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The Possibilities at Eleven: Volume IV

| April 21st, 2016

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Prospect Profile: Joey Bosa, Edge, Ohio State

Pros: Considered the best edge prospect in the draft. Very strong at the point of attack, with great technique. Should be able to be an impact player Day One and considered a top-five talent.

Cons: Not the kind of guy who’s going to lead the league in sacks every year. He’s a good athlete, but not great. Certainly isn’t JJ Watt or even a smaller version of JJ Watt. Doesn’t add speed to the Bears defense.

Summary: No use taking a lot of time to over-think this one. Bosa should go very high and likely will. He may not get 15 sacks a year, but he should regulary eight eight-to-10 while setting the edge against the run.

Jeff’s Thought: I think the Bears (and Bears fans) would be thrilled if the team has an opportunity to take Bosa. The JJ Watt comparisons are being made for one reason: he’s white. Does every white guy have to get compared to JJ Watt?

Prospect Profile: Ezekiel Elliott, RB, Ohio State

Pros: Considered a complete back. He can catch passes, block and make people miss. Very good size and speed ratio. Doesn’t look like he’s 225 pounds, but he was great in short-yardage.

Cons: Not explosive like Todd Gurley or Adrian Peterson. Big but doesn’t always run with power. Hard to judge how much his success was due to having a very good offensive line.

Summary: The consensus top running back in the draft will likely be available when the Bears pick and would make a lot of sense as he’s very similar to Matt Forte. Not sold that his strengths as a back are what the Bears need. Jeremy Langford should be a good receiver out of the backfield and both he and Ka’Deem Carey were good in short-yardage situations. Still, if it’s just about adding talent, Elliott would be hard to pass up.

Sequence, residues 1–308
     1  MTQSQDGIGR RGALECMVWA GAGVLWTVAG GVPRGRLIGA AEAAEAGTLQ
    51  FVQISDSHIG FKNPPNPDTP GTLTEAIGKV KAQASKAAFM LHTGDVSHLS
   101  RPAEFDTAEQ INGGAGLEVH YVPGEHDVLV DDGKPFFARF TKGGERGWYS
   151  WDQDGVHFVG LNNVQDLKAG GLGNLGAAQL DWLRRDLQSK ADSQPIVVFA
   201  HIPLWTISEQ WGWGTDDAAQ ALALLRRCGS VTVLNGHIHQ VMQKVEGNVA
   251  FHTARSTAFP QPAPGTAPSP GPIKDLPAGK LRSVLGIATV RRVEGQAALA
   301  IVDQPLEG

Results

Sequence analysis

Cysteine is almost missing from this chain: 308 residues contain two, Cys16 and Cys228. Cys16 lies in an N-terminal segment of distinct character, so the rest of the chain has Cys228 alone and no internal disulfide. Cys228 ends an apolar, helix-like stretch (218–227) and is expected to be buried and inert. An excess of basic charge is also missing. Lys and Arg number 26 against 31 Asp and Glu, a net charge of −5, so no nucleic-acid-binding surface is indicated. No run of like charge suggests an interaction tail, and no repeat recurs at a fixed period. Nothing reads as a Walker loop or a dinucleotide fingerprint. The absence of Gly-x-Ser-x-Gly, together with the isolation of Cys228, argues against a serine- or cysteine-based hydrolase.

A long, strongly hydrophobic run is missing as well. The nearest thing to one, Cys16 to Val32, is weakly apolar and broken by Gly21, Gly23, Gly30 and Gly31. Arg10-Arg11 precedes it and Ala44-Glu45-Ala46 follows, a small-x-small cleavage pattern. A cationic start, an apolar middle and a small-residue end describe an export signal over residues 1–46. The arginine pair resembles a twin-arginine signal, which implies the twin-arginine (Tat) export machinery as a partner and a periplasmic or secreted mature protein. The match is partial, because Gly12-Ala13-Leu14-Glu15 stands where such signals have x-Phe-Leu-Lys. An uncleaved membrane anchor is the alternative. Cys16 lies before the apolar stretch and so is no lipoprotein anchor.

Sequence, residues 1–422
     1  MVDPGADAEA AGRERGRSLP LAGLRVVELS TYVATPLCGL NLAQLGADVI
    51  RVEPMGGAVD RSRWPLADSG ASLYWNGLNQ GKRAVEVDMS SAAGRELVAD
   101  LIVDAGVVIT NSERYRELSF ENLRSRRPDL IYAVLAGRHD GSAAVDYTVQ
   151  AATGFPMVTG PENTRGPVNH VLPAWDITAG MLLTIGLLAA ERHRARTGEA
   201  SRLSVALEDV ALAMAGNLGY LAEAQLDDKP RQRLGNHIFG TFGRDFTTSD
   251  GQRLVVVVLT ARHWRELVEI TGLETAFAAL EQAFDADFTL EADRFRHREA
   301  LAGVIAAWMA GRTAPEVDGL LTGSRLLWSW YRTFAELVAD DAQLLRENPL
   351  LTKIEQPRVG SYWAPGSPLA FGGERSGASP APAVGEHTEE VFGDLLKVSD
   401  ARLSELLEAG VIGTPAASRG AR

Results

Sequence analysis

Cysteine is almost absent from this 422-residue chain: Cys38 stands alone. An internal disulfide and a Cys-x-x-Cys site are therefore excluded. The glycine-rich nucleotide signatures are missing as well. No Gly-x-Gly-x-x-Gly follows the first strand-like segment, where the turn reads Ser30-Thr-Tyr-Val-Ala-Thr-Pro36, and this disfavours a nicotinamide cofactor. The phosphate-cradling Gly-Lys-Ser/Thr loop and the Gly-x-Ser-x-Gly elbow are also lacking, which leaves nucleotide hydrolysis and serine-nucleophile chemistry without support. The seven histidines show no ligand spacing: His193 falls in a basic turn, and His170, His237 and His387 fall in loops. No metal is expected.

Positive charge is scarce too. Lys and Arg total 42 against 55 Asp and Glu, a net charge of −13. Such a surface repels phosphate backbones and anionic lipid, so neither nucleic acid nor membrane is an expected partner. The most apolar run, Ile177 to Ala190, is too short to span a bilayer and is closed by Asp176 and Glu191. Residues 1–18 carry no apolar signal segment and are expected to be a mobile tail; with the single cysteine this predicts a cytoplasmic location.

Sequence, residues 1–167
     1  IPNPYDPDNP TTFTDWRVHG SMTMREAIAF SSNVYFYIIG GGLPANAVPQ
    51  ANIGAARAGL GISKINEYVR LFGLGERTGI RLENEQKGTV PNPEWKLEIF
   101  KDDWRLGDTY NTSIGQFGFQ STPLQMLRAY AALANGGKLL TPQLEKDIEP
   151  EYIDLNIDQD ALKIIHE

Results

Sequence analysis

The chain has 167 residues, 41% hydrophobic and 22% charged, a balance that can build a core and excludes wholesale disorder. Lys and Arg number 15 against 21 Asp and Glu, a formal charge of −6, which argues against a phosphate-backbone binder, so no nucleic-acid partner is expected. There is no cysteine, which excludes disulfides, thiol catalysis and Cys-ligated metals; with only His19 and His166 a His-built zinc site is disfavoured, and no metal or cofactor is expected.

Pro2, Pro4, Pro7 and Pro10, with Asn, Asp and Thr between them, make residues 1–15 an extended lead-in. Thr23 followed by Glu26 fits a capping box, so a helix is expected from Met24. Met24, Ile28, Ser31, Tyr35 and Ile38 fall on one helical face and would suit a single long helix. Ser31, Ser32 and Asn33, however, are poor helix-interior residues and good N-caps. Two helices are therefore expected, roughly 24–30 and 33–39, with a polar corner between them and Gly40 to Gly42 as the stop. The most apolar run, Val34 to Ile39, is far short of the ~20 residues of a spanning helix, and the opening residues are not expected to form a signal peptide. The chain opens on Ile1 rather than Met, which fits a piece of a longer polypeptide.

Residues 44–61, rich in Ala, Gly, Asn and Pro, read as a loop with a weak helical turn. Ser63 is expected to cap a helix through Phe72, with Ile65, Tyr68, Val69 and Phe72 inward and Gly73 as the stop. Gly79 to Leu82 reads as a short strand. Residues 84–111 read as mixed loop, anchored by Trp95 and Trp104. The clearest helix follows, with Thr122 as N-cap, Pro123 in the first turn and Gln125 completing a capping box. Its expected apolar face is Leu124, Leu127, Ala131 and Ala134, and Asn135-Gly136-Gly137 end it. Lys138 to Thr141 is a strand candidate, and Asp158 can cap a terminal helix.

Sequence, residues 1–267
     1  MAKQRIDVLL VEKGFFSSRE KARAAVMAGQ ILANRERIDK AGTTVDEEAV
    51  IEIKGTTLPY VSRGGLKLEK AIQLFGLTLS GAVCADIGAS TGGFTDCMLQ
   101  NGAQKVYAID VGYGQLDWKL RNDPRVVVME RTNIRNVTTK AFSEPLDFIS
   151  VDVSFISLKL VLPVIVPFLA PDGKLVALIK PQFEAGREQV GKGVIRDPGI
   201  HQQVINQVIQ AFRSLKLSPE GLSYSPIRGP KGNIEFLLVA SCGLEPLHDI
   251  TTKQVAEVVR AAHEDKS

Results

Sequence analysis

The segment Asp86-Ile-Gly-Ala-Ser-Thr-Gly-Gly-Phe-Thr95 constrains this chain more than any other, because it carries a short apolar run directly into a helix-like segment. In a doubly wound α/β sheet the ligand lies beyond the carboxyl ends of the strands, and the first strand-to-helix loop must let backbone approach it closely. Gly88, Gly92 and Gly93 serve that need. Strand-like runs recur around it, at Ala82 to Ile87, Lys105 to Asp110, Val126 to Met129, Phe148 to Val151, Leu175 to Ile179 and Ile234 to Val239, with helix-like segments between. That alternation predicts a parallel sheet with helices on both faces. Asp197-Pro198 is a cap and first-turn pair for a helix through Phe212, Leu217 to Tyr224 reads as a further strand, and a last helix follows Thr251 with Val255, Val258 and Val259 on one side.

Jeff’s Thought: If you’re taking a running back with the eleventh pick in the draft you better be damn sure he’s special. Especially when the Bears may have a special back on their roster. I’m not buying the Bears interest in Elliot.

Prospect Profile: William Jackson III, CB, Houston

Pros: Checks all the boxes. Possess great size, length and overall athleticism for the position. Intercepted five passes with two returned for touchdowns and had 23 passes defensed.

Cons: The competition he played against wasn’t the greatest. Cornerbacks usually have a difficult time adjusting to the NFL and that could be especially true for him. Some question is his hips are hip and if he gambles too much.

Summary: Vic Fangio’s defense doesn’t put a lot on the cornerback, but what defensive coordinator wouldn’t want to upgrade the talent at that position and allow their team to be more versatile? Jackson is going to be a project, but with Fangio calling the defense and Ed Donatell as his position coach, he could become a premier cornerback.

Jeff’s Thought: I don’t know much about the kid. But I do know that Andrew would be secretly (or not so secretly) thrilled if the Bears took Jackson. 

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